“Chrysler is a more difficult situation,” the official said. “Chrysler is unfortunately not viable as a stand-alone company. … If [Chrysler and Fiat] cannot come to a satisfactory agreement … and if no other viable partnership emerges for Chrysler, we will not be able to justify investing additional American tax dollars into Chrysler.”
The administration said both companies may need to restructure using the protection of courts, under a form of bankruptcy.
The White House held a Sunday night conference call with members of Congress from auto-producing states, and the lawmakers were far from satisfied.
"Tough love hurts," said a source familiar with the discussions. "The members received the briefing with a sense of anxiety.” The source said the timeline and funds to be announced Monday are "not good enough."
The shove to Wagoner, a 30-year GM veteran, came from the Treasury-led Presidential Task Force on the Auto Industry, which Obama named in February in lieu of a “car czar.” It is the most vivid example so far of the extraordinary new role that the government, as controller of the bailout purse strings, is playing in American business.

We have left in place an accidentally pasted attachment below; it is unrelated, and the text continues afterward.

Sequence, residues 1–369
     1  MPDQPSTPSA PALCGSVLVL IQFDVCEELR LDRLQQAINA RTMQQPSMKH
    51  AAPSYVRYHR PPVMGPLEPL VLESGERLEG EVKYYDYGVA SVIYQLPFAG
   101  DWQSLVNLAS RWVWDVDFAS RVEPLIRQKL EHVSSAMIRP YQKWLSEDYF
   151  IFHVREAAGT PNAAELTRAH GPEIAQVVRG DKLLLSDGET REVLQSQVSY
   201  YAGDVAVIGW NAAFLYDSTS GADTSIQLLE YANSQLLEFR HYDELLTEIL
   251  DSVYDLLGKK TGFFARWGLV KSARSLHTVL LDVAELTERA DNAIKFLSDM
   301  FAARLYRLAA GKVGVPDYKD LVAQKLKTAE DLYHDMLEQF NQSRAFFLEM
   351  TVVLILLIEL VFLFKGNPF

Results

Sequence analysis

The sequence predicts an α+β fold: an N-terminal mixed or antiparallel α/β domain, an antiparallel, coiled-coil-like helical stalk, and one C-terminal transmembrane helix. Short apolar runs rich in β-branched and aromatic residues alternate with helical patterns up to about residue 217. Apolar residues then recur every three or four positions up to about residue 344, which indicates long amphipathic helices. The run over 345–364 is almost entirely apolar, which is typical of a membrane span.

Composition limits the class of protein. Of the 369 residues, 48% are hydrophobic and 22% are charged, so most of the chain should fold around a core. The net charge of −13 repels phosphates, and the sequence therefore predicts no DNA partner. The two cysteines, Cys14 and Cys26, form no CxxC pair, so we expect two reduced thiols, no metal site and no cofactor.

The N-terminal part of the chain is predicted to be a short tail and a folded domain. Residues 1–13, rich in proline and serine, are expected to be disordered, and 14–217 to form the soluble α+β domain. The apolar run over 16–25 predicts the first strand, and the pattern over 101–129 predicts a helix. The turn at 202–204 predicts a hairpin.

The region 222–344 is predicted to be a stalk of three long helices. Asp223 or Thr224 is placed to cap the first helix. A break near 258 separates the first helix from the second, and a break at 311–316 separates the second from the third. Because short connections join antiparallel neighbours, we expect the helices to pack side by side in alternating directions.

A senior administration official said there was no “quid pro quo” for Wagoner’s departure: “The task force asked, and he agreed to leave GM.”
The warranty program, a surprise offering, is designed to encourage consumers to buy cars without having to worry about whether or not the manufacturer will be out of business by the time something breaks. The administration is promising to “stand behind new cars purchased from GM or Chrysler during this period … of uncertainty.”